Next, a description will be given of an eleventh embodiment of the tracking control method according to the present invention, by referring to FIGS. 31 and 32. FIG. 31 is a flow chart for explaining this eleventh embodiment of the tracking control method, and shows a process carried out by the DSP 16. In FIG. 31, those steps which are the same as those corresponding parts in FIG. 10 are designated by the same reference numerals, and a description thereof will be omitted. FIG. 32 is a diagram for explaining the operation of this eleventh embodiment of the tracking control method.

In this embodiment, steps S60 through S64 are carried out in the correction quantity calculating part 202. The step S60 calculates an error between the TES which is sampled when the change in the light emission power is detected and a tracking control target value. For example, the tracking control target value is “0”. The step S61 loads a plurality of past errors which are calculated and stored. The step S62 calculates an average value of the present calculated error and the plurality of past errors which are loaded. The step S63 stores the average value which is calculated in the step S62 as the correction quantity. The step S64 updates the past errors so as to include the present error.

In FIG. 32, (a) shows the TES before the correction is carried out depending on the change in the light emission power, (b) shows the TES which is read via the ADC 161, and (c) shows the correction quantity which is calculated in this case. As shown in FIG. 32, when the increase of the light emission power is detected, and the sampled TES is “6” and the tracking control target value is “0”, an error “−6(=0−6)” is calculated. If a previously stored error is “−8” and a last but one stored error is “−7”, for example, an average value of the present error and the past errors is “−7(=(−6−8−7)/3)”, and this average value “−7” is stored as the correction quantity. In addition, the past errors “−8” and “−7” which are stored are updated to “−6” and “−8” so as to include the present error “−6”.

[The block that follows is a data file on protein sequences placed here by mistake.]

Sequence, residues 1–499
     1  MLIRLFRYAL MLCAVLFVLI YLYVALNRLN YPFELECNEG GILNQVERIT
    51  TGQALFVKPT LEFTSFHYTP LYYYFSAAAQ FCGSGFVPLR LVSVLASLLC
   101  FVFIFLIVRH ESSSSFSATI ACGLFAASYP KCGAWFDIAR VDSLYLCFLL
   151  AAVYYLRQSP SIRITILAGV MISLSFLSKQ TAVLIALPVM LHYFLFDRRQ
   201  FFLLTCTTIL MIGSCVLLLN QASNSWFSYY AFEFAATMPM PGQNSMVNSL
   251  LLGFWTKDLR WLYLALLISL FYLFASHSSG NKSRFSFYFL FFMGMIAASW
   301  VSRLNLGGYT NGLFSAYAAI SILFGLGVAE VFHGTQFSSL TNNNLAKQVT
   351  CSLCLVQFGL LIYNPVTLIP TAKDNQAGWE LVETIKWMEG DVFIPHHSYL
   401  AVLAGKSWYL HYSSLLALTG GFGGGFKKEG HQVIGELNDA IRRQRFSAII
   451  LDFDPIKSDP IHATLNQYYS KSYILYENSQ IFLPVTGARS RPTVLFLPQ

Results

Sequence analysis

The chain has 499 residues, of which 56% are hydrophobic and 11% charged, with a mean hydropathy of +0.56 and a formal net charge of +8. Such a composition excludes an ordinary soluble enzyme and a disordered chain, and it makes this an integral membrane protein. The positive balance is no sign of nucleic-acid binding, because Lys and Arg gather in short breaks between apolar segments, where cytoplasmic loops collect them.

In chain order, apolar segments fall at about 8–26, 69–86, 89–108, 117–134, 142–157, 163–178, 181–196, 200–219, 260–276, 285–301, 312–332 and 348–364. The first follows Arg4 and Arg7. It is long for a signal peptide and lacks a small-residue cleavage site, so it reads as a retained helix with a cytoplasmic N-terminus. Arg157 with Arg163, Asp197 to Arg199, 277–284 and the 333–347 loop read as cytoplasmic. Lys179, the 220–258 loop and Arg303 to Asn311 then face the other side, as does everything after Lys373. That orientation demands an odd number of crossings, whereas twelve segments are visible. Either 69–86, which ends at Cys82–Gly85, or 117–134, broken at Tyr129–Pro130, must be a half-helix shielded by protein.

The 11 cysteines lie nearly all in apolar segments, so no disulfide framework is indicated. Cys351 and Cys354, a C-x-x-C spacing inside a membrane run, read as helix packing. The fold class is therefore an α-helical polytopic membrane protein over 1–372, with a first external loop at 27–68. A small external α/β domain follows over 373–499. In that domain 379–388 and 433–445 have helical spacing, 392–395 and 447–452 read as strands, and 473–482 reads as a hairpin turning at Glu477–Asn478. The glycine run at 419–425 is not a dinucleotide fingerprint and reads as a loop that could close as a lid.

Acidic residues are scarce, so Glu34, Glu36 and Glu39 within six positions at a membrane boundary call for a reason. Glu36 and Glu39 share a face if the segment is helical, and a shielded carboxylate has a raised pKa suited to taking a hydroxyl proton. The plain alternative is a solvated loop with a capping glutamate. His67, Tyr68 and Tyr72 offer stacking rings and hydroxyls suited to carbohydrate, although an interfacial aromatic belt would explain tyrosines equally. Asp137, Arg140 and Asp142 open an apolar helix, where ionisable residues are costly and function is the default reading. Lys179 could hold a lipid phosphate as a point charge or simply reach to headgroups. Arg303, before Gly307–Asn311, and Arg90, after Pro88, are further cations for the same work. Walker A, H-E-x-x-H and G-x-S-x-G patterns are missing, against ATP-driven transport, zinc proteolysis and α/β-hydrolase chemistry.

A process similar to that described above in conjunction with the ninth embodiment may be carried out if no past multiplication results exist.

Next, a description will be given of a twelfth embodiment of the tracking control method according to the present invention, by referring to FIGS. 33 and 34. FIG. 33 is a flow chart for explaining this twelfth embodiment of the tracking control method, and shows a process carried out by the DSP 16. In FIG. 33, those steps which are the same as those corresponding parts in FIG. 31 are designated by the same reference numerals, and a description thereof will be omitted. FIG. 34 is a diagram for explaining the operation of this twelfth embodiment of the tracking control method.

In this embodiment, steps S60, S65 and S61-1 through S64-1 are carried out by the correction quantity calculating part 202. The step S60 calculates an error between the TES which is sampled when the change in the light emission power is detected and a tracking control target value. For example, the tracking control target value is “0”. The step S65 multiplies a constant to the error which is calculated in the step S60. The step S61-1 loads a plurality of multiplication results which are calculated in the past and stored. The step S62-1 calculates an average value of a present calculated multiplication result and the plurality of multiplication results which are loaded. The step S63-1 stores the average value which is calculated in the step S62-1 as the correction quantity. The step S64-1 updates the past multiplication results so as to include the present multiplication result.

In FIG. 34, (a) shows the TES before the correction is carried out depending on the change in the light emission power, (b) shows the TES which is read via the ADC 161, and (c) shows the correction quantity which is calculated in this case. As shown in FIG. 34, when the increase of the light emission power is detected, and the sampled TES is “6” and the tracking control target value is “0”, an error “−6(=0−6)” is calculated. In addition, if the constant is “67%”, a multiplication result which is calculated by multiplying this constant to the above described error is “−4(=−667%)”. If a previously stored multiplication result is “−3” and a last but one stored multiplication result is “−5”, for example, an average value of the present multiplication result and the past multiplication results is “−4(=(−4−3−5)/3)”, and this average value “−4” is stored as the correction quantity. In addition, the past multiplication results “−3” and “−5” which are stored are updated to “−4” and “−3” so as to include the present error “−4”.

A process similar to that described above in conjunction with the ninth embodiment may be carried out if no past multiplication results exist.

Next, a description will be given of a thirteenth embodiment of the tracking control method according to the present invention, by referring to FIGS. 35 and 36. FIG. 35 is a flow chart for explaining this thirteenth embodiment of the tracking control method, and shows a process carried out by the DSP 16. In FIG. 35, those steps which are the same as those corresponding parts in FIG. 10 are designated by the same reference numerals, and a description thereof will be omitted. FIG. 36 is a diagram for explaining the operation of this thirteenth embodiment of the tracking control method.